Pronghorn, Antilocapra americana
TAXONOMY & NOMENCLATURE
(Byers, 1997)(Davis 2007)(Hernandez Fernandez et al 2005) (Murray 2006)
(Nowak 1994)(O’Gara & Yoakum 2004)(Janis 2000)
Ord (1815), as Antilocapra americana
Order: Artiodactyla* (Even-toed hoofed animals: includes pigs, sheep goats, cattle, deer)
Species: Antilocapra americana
Subspecies: A. a. americana, A. a. mexicana, A. a. sonoriensis, A. a. peninsularis
*New anatomical and DNA evidence on the relationship between Artiodactyla (even-toed ungulates) and Cetacea (whales and dolphins) recently led to a merging of the two orders into a new group, Cetartiodactyla (Montgelard, 1997; reviewed in Kulemzina, 2009). As of October 2012, experts had not agreed on whether to define Cetartiodactyla as an official taxonomic order that would replace Artiodactyla and Cetacea. Some continue to list pronghorn in the order Artiodactyla (Franklin, 2011) or use the term Cetartiodactyla without defining it as an order (IUCN, 2008).
Taxonomic History and Nomenclature
Antilo = antelope; capro = male goat
- Pronghorn are the only surviving genus of the North American ungulate family Antilocapridae.
- The family to which the pronghorn belongs was originally divided into two subfamilies (one subfamily for extinct Miocene merycodonts and another group of all the other extinct forms plus the modern pronghorn). These distinctions are probably not valid. (Davis 2007)
- Debate remains over whether pronghorn belong in their own family or should be classified in Bovidae (O’Gara & Matson 1975), in Cervidae (Janis & Scott 1987). Recent genetic study says they are closer to Giraffidae forming a sister group to cervids and bovids. (Hernandez et al 2005; Murray 2006)
- Like bovids, pronghorn have horns consisting of a keratinous sheath over a bony core. But unlike bovids whose horn core is permanent, the horn sheath is shed annually and re-grown. Deer antlers don't have sheaths, but the antlers are lost and regrown yearly.
- Five subspecies were named because of minor differences in color, size, and location (O’Gara & Yoakum 2004):
- Antilocapra americana americana – type specimen
- A. a. oregona – DNA analysis determined this is not genetically distinct from americana, therefore populations in Oregon, California, Idaho, and Nevada should be considered americana (Lee, 1992)
- A. a. mexicana – more pale coloration, reduced mane, thinner muzzle than americana
- A. a. peninsularis – facial markings darker, shorter and rougher horns
- A. a. sonoriensis – smallest subspecies, smaller skull, but little difference from mexicana
- Cockrum (1981) felt that geographic variations between the populations do not warrant separate subspecific names.
- Mitochondrial DNA analyses since the early 1990s support the idea of clines within a wide-ranging species. (O’Gara and Yoakum, 2004).
- At present, subspecies are still used pending further study.
- Antilocaprid ancestors most likely evolved in the Old World and migrated to North American during the Late Oligocene. (Davis 2007)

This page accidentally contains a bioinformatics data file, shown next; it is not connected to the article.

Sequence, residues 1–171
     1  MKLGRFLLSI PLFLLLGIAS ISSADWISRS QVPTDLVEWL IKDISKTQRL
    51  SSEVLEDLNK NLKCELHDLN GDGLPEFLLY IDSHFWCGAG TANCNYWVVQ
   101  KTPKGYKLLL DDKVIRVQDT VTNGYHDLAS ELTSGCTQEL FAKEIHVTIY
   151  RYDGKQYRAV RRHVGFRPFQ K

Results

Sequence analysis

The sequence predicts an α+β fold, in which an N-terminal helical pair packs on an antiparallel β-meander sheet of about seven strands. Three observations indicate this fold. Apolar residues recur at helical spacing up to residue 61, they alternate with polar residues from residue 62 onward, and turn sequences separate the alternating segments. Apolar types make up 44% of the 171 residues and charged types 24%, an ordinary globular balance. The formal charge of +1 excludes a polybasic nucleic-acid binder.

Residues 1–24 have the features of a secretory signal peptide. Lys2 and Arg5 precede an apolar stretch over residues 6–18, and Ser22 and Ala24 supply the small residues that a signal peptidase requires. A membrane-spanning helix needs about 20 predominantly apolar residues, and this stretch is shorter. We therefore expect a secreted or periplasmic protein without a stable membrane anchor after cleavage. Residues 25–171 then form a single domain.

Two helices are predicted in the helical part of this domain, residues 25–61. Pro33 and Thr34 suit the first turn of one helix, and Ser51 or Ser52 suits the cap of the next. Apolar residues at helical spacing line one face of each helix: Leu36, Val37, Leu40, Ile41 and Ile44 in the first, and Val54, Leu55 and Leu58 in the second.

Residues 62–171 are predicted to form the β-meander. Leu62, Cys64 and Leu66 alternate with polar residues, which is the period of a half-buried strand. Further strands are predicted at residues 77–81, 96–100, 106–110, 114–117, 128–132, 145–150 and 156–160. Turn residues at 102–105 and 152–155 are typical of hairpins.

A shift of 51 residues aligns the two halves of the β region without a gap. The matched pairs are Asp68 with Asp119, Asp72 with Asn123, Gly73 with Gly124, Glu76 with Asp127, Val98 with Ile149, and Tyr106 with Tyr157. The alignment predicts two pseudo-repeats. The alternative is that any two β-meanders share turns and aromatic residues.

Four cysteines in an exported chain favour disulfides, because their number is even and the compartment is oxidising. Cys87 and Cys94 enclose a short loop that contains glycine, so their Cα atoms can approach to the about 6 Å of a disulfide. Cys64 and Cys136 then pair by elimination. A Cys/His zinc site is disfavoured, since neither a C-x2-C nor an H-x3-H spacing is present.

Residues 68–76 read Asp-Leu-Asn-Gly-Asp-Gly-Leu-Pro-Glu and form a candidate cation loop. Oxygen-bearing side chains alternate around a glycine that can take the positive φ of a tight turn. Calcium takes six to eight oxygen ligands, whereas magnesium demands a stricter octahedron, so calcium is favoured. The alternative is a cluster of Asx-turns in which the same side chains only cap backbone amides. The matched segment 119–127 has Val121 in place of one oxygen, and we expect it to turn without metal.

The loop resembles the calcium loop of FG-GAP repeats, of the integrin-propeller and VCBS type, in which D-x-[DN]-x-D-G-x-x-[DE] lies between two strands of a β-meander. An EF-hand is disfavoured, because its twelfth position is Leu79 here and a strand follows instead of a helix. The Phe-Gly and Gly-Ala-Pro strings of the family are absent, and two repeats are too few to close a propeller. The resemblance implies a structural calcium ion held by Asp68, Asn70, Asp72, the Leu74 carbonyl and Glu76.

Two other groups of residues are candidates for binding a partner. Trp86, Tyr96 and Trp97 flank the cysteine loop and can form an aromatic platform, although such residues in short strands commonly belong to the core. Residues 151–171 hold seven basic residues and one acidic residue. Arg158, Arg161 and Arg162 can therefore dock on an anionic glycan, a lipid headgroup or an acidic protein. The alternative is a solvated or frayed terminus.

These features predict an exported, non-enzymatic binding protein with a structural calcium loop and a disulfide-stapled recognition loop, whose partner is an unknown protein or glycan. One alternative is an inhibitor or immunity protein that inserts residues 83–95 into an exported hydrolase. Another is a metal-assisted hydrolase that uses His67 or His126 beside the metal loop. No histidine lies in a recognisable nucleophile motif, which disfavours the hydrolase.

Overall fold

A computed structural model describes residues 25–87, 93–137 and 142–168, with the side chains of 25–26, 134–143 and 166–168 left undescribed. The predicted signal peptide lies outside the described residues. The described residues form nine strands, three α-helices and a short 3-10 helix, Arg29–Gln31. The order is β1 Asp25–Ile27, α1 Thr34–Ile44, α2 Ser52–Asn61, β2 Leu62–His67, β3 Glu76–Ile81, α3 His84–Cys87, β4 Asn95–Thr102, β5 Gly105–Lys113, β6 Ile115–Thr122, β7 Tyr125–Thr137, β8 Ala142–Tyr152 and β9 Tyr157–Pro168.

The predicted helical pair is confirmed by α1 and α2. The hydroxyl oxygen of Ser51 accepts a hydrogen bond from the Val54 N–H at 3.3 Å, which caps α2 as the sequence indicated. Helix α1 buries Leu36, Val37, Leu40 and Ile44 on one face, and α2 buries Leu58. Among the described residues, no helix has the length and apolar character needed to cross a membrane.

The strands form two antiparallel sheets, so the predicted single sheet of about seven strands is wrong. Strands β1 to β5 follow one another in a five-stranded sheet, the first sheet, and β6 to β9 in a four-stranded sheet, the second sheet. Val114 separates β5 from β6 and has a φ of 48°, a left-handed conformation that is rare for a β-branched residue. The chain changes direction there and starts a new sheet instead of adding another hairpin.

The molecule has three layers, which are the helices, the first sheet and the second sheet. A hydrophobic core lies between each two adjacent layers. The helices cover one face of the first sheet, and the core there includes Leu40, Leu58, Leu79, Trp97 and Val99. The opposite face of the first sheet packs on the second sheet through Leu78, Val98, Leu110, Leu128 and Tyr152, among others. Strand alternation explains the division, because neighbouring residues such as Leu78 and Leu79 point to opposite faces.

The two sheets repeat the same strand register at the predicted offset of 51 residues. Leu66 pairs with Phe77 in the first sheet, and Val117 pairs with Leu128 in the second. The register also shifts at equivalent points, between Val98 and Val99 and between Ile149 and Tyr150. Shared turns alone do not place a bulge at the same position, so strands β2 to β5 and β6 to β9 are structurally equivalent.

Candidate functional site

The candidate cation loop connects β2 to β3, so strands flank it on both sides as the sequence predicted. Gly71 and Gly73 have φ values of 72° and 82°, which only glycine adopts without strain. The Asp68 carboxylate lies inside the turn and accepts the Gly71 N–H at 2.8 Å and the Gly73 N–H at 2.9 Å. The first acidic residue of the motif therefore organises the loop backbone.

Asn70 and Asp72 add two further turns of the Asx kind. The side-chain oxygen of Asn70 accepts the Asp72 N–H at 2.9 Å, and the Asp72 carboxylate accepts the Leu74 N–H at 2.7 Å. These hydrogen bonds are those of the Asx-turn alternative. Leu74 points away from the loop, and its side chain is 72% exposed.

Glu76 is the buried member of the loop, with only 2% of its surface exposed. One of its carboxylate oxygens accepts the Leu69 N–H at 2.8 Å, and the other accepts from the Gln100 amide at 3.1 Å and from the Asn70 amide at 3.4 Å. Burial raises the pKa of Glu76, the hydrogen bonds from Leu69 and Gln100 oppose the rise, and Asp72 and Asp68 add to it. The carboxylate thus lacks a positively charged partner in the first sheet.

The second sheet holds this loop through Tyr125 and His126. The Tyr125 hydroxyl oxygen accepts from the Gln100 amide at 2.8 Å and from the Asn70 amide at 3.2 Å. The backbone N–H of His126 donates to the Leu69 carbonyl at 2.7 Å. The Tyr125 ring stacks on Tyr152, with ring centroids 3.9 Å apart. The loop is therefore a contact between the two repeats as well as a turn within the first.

- First antilocaprids seem highly specialized when they appeared in the fossil record, making it difficult to identify an Old World ancestor (O’Gara and Yoakum, 2004).
- Forked or branching horns are a distinguishing feature of the Antilocaprid family. (Davis 2007)
- Pronghorn evolved alongside predators such as dire wolves, the short-faced bear, the North American lion, jaguars, hyenas, and cheetahs; pronghorn were most likely prey for these species (Byers 1997).
- Existing pronghorn’s running speed and endurance are far greater than any living predator; likely that the species evolved these traits in response to evolutionary selection pressures from predators that became extinct at the end of the Pleistocene. (Byers 1997).
- Most anatomical characters used to describe the pronghorn and its fossil relatives seem
to place them close to the deer family (Cervidae). (Janis 2000)
- Recent phylogenetic analysis says pronghorn family is closest to Giraffidae, forming a sister group to cervids and bovids, or a sister group to all other horned ruminants.. (Hernandez Fernandez et al 2005; Murray 2006; Janis 2000)
- Variable number of chromosomes; the diploid number is 58 or 60 (Wurster and Benirschke, 1968; O’Gara & Yoakum 2004).
- Antilocapridae shows genetic similarities to both Bovidae and Cervidae.
- Studies showed the chromosome number and configurations in pronghorn similar to bovids (Todd 1975; Baccus et al 1983)
- Baccus et al. (1983) maintained that the pronghorn is genetically similar to cervids.
- DNA investigations indicate Antilocapridae is a legitimate family of its own (Cronin et. al, 1996).
- Occasional specimens have extra horns or teats, females may or may not have horns, and some females have a different type of uterus than others (O’Gara, 1968).
DISTRIBUTION & HABITAT
(Byers 1997) (O’Gara & Yoakum 2004)
- South-central Canada south to the high plains north of Mexico City
- Mississippi River and Gulf Coast of Texas west to the Pacific Ocean
- U.S.: southeastern Oregon, southern Idaho, Montana, and western North Dakota, south to Arizona and western Texas
- Canada: southern Alberta and Saskatchewan
- Mexico: northern Mexico
- Distribution has been reduced and fragmented by human development
- Seasonal migration and foraging prevented by fencing of rangelands and ranches
- Illegal hunting has reduced populations in Mexico
- Found in shrub lands, Mediterranean-type shrubby vegetation, grassland, temperate desert
- Deserts support less than 1 percent of the population
- Associated most frequently with treeless, flat terrain, most numerous in short-grass prairies
- Next most important habitat is steppe, preferably with vegetation ranging 5 to 30 in (13 to 76 cm) in height
- Herds range from near sea level to 11,000 ft (3,353 m) above sea level, but greatest concentrations are found 3,000 to 8,000 ft (914 to 2,438 m) above sea level
(Byers 1997) (O'Gara 1978) (O’Gara & Yoakum 2004)
42-59 kg (92-129 lb)
40-50 kg (87-111 lb)
133.8-149.4 cm (52.7-58.8 in)
128.3-148.6 cm (50.5-58.5 in)
8.3-13.5 cm (3.3-5.3 in)
8.6-12.7 cm (3.4-5 in)
|Data on body measurements from tables 20 and 22 in chapter 5 of O'Gara and Yoakum 2004. Values reported are means from study populations across western North America.
Coloration and Patterns
- Upper body and outside of legs light tan or reddish tan; chest, belly, inner legs, cheeks, lower jaw, sides, and rump patch are white
- Two broad white blazes across the throat. Male has broad black band from eyes down the snout and a black neck patch